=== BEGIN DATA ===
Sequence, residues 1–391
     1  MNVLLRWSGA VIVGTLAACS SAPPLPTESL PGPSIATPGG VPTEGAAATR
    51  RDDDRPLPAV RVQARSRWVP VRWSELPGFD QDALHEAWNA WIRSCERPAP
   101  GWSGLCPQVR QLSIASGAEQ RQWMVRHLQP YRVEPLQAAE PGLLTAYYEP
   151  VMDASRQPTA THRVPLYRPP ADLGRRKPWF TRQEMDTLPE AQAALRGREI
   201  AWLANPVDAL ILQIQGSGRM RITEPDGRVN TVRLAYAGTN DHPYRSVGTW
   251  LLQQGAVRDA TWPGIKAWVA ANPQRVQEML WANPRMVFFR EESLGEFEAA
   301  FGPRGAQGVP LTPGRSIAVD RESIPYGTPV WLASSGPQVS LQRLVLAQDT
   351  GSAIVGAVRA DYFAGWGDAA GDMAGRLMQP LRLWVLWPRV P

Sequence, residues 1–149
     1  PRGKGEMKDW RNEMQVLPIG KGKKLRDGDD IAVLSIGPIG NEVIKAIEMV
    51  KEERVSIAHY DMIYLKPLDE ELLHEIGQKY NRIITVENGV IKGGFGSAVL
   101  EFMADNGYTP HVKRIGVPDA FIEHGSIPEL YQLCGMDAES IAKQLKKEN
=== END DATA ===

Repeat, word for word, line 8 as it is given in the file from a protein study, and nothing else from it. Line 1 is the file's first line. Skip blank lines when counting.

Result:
   301  FGPRGAQGVP LTPGRSIAVD RESIPYGTPV WLASSGPQVS LQRLVLAQDT